WASHINGTON — The United States says Burma should reform its Constitution to allow its citizens a free choice over who should be its next president, but Burma’s government said Tuesday that is none of Washington’s business.
A parliamentary committee in Burma last week voted against changing a constitutional clause that bars opposition leader and Nobel laureate Aung San Suu Kyi from becoming president. National elections are due in 2015.
US State Department spokeswoman Jen Psaki said that enabling the Burmese people to freely choose who they want to lead them in the next phase of its democratic transition will help to ensure stability.
“We believe constitutional reform should pave the way for the Burmese to freely choose their president in a free and fair 2015 election,” Psaki said in a written response to a question posed at a news briefing Monday. Reform should also address ethnic minority rights and decrease the role of active-duty military in political structures, she said.
In response, Burma’s presidential spokesman Ye Htut said Tuesday it’s the responsibility of Burma’s Parliament and people to decide how the Constitution should be amended.
“It is not the concern of the United States. It is inappropriate for us to tell how the U.S. should amend their constitution and likewise the U.S should not dictate how it should be amended,” he told The Associated Press by email.
That testy response reflects signs of fraying in the US-Burma relationship.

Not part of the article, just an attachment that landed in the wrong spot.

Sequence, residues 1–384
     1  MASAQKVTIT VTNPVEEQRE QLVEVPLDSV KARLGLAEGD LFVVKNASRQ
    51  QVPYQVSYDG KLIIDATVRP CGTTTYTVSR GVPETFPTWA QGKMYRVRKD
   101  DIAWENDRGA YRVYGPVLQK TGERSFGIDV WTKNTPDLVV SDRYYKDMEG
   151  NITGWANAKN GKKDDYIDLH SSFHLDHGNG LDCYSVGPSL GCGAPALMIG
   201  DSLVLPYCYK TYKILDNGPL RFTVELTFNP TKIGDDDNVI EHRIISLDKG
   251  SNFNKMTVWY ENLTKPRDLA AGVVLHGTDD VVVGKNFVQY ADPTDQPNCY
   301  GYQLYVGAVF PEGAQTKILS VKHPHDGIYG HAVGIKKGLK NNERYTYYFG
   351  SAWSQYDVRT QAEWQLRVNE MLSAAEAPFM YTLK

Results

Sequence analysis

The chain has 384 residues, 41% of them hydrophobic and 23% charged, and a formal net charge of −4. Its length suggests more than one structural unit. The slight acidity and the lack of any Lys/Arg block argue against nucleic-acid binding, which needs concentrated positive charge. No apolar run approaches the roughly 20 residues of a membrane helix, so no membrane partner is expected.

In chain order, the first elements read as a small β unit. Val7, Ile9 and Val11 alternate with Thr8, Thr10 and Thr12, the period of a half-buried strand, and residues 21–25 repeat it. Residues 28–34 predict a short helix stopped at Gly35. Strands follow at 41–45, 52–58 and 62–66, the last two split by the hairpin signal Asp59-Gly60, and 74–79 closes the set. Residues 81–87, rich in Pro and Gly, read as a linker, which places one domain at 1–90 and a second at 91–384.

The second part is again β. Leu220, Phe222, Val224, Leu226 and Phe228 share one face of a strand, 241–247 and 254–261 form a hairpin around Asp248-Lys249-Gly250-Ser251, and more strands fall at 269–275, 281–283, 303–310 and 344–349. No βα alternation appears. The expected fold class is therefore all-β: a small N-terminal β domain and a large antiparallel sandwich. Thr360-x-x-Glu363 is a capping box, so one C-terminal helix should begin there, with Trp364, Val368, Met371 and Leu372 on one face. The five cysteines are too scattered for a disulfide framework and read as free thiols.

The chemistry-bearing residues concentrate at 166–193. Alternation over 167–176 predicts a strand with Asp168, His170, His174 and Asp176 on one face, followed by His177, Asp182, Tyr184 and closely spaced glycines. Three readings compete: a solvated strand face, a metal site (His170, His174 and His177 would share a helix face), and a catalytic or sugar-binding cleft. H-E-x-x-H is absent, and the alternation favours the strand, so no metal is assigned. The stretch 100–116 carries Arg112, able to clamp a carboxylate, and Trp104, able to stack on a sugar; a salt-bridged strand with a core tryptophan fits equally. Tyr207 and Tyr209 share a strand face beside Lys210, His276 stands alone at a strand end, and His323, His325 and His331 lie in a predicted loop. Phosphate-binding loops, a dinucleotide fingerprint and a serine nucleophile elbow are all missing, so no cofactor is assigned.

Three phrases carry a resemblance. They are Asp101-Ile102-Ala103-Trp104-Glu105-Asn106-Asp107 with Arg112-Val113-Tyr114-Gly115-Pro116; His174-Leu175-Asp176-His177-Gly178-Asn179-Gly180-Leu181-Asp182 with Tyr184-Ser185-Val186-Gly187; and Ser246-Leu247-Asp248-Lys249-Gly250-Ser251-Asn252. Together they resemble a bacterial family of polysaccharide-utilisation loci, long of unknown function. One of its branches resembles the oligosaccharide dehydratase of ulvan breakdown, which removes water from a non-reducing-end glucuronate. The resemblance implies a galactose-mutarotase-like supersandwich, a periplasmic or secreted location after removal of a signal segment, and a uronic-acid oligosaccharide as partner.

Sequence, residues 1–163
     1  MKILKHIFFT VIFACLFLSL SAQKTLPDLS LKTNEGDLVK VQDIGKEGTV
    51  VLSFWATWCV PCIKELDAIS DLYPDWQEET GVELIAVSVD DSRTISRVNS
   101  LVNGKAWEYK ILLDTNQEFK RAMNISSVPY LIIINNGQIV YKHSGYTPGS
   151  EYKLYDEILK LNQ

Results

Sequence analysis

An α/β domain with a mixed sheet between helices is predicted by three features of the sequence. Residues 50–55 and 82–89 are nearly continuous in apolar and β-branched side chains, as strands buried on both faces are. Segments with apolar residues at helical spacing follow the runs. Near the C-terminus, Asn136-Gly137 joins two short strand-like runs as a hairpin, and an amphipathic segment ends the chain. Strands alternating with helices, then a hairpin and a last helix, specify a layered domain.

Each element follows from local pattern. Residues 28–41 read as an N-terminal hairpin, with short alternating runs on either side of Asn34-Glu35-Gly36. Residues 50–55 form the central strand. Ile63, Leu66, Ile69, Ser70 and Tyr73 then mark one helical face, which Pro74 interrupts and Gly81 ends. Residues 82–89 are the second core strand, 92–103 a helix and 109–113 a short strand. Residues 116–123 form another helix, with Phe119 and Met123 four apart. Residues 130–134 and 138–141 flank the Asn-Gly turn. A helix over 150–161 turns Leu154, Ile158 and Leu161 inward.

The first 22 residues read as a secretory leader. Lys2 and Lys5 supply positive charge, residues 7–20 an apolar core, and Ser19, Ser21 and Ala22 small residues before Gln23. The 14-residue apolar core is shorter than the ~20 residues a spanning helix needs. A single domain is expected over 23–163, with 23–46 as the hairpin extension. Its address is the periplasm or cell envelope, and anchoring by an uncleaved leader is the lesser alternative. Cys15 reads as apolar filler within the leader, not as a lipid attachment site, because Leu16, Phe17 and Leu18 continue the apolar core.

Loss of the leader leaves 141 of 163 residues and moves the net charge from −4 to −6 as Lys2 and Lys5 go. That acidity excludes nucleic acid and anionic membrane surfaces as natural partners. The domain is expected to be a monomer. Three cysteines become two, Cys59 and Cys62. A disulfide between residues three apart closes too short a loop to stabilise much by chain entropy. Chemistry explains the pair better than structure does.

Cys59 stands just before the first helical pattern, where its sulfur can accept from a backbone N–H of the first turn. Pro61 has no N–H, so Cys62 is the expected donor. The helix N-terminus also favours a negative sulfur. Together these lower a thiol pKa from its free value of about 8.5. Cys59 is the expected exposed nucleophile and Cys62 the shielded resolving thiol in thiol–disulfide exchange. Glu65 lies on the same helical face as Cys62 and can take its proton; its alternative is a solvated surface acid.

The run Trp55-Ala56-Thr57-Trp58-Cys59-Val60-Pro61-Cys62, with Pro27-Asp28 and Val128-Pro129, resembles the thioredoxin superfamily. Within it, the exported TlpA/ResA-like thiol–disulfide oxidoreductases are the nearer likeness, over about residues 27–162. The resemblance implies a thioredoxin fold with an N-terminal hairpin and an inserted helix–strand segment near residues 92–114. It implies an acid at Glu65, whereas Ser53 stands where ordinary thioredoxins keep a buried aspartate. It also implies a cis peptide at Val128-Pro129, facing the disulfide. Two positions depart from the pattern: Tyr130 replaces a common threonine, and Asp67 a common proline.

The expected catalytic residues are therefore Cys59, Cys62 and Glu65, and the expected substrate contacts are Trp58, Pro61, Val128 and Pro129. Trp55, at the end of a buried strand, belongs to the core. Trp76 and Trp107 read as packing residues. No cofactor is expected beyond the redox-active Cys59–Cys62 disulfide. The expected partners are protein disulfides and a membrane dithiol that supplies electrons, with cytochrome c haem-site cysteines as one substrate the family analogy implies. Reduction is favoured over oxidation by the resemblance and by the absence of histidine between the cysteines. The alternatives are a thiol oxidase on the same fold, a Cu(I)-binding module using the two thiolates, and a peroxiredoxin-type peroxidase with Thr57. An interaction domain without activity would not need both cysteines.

Over the past two years, the Obama administration has been a staunch supporter of President Thein Sein’s quasi-civilian government as he steers the Southeast Asian nation from decades of oppressive military rule. The United States has restored full diplomatic relations and rolled back sanctions, helping Burma to shake off its pariah status.
But the United States has also been critical of the government’s response to bouts of anti-Muslim violence in the predominantly Buddhist nation. Last week the State Department voiced serious concerns about proposals to criminalize interfaith marriage.
The current constitution gives the military an effective veto over constitutional amendments, and includes a clause that bars anyone whose spouse or children are loyal to foreign countries from becoming president or vice president. Suu Kyi’s late husband and her two sons are British citizens.
If the parliamentary committee’s recommendation is endorsed by the full Parliament, it is likely to have a significant impact on the 2015 election. Suu Kyi’s National League for Democracy (NLD) party is expected to mount a strong challenge, with a good possibility of winning, but without Suu Kyi as a prospective president, its backers may flag in their support.
Suu Kyi is widely respected in Washington because of her long and peaceful struggle against military rule. She spent years under house arrest before her release in 2010 and election to Parliament in 2012.